• Class or struct has only one static constructor.
      • Not be inherited or overloaded.
      • Do not call it directly, it will be automatically called by the CLR.
      • With static fields (properties) that you do not provide static contructors to initialize values ​​for that static variable, those variables will be assigned default values ​​(Click here and here to see the default values ​​of each type. !).
      • The properties that you declare are: static readonly are only assigned values ​​in static constructor or at declaration time (ie initialization). And those properties should be initialized at the declaration instead of in the static constructor in order for the runtime to be more optimized.
    • Read more here and here!
  • Constructor in inheritance:
    • The derived class does not inherit the constructor of the base class because we cannot define exactly how the objects of the derived class are instantiated (assuming the constructor is inherited and that constructor does it. If the constructor is used to create an object that makes the derived class without redefining the constructor, the object created may fail, read more here! ), so inheriting constructor means that the class leads Export permission to call the base class constructor.
    • Both the base class and the derived class contain default constructors. You create a derived class object, both constructors in both classes are implemented and the constructor in the base class is executed first.
    • If both classes have a constructor with parameters but in the base class you do not specify a default constructor, the compiler will report an error ( This place I do not understand why it is error, you explain it for me! explanation here is also deadlock ). To fix that error, you use the keyword base.
    • Read more here!

7.2 – Destructor

  • The destructor is a function within the class that is used to delete the objects of the class when they are no longer used to recover space, disconnect the I / O file associated with the object. of the class to be deleted …
  • A few notes:
    • A class has only one destructor and this destructor is called by Garbage collector of the .Net Framework.
    • The destructor has no return type, parameter, modifier (or See what the modifier has in the left column here! ), Has the same name as the class name and prefix “~” in front to distinguish vs constructor.
    • The destructor is only used in classes, but in structs, it can’t be overloaded or inherited.
  • Read more here and here!

8. Function Overloading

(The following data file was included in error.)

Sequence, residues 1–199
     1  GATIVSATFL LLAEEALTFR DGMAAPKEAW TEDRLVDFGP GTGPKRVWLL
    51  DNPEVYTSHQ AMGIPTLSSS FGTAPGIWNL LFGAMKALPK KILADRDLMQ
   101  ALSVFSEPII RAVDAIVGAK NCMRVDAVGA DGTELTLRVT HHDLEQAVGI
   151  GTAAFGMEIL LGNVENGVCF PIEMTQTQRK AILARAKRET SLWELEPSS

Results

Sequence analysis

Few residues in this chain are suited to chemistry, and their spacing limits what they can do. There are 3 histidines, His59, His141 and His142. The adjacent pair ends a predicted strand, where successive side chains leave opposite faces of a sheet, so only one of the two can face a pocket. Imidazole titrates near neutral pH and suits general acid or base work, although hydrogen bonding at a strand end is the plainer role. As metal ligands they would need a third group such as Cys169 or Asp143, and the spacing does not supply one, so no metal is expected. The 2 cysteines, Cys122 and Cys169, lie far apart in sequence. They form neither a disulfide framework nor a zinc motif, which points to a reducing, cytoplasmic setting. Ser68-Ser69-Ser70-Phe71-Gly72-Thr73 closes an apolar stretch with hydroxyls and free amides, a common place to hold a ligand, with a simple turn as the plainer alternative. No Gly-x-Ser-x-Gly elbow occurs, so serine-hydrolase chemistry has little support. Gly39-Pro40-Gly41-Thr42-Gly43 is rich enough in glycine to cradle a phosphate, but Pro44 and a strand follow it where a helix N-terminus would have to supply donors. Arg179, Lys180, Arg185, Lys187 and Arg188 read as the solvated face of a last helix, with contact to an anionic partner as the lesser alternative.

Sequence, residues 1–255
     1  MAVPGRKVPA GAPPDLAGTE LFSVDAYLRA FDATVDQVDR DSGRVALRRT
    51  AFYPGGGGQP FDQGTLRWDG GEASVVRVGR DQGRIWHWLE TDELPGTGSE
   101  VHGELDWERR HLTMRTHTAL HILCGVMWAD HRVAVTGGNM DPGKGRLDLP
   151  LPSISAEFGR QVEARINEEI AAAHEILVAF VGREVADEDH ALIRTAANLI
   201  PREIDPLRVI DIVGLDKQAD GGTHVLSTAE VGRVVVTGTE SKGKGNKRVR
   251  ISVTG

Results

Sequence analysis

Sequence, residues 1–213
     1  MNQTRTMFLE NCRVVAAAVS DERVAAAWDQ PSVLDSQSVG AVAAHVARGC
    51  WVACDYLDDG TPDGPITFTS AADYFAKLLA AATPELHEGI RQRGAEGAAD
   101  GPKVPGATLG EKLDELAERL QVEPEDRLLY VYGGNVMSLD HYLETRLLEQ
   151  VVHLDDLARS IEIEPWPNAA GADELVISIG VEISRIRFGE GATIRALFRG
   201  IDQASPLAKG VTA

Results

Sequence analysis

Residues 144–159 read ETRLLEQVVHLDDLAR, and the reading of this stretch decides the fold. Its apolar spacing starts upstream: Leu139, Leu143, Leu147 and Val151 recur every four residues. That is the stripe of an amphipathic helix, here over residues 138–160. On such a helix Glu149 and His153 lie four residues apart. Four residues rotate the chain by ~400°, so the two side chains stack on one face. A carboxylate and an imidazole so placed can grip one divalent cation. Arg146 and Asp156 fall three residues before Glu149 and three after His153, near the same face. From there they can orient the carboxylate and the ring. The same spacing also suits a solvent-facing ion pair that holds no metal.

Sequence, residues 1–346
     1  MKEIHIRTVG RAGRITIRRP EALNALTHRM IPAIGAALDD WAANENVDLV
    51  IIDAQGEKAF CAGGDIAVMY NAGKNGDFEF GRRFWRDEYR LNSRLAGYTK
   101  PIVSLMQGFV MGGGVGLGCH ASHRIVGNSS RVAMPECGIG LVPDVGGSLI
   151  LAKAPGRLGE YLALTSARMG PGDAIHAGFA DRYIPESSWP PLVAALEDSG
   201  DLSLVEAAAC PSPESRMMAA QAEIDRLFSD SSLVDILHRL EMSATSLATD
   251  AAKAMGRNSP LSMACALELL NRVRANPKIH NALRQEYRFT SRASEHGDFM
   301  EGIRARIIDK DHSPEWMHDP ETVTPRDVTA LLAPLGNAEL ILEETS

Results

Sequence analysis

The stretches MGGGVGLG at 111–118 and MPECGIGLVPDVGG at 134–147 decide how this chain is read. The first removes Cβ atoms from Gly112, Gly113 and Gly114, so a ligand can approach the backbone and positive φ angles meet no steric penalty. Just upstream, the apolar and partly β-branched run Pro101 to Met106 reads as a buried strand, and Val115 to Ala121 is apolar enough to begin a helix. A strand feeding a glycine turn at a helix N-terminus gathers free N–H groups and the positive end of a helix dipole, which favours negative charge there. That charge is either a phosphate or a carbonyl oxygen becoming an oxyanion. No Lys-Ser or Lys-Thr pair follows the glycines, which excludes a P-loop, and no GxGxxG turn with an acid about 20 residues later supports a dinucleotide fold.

• Function overloading is a function used to override an existing function, function overloading must have the same name and return type as function overloaded, different singnature (different number of parameters or data type of another parameter. each) of functions overwritten with those that were previously overwritten.
  • Illustration:

9. Interfaces

  • Definition: You understand as simple as this, Mr. A, Mr. B, Mr. C … do business together, these guys all have a common contract that contains rules and regulations that every cell must implementation, an interface it as a contract contains the declarations of related functions that non-abstract classes or structs that adjacent Interfaces must implement those functions (ie, extend that functionality. in class or struct, see details in the section I illustrated below).
  • An interface can be a member of a namesapce or a class, declarations in the interface can contain the declarations of the following members: Methods, Properties, Indexers, Events.
  • Declarations in interfaces are usually no body, but with C # version 8.0 and above, a member can declare body, this is called “default implementation” and the interface it provides that default implementation for Class or struct does not provide an implementation for that member (ie, do not override that member).
  • Interface does not contain declarations (field) can contain static declarations of methods, fields, properties.
  • An interface has no members that are private, protected or internal because all members of the interface default to public and abstract.
  • Interface can inherit from 1 or more interfaces, 1 class inherits 1 or more interfaces, but can only inherit 1 class.
  • Illustration:
  • Reference here , here and here!

10. Reusability

When a class is created this class can be distributed to other programmers for use in their code, this is called reusability, or in .Net terminology reuse This is called a components or a DLL (ie to refer to a class that is reused).

11. Partial classes

  • A class is spread over many files (that is, dividing a class into parts, each part on a file and on each part there are properties and methods to perform a certain function different from the others on other files. there).
  • Advantages: short, clear (this function for which cell to write), easy to upgrade a function because it is clear. Cons: Multiple files, prone to duplicate property and method names, difficult to manage properties because it is in multiple files.

12. Suggestions

Thank you for reading my article, where there are mistakes in my article, misunderstanding or something, I hope you give me your comments so that I can improve the best way, thank you!

13. C # references.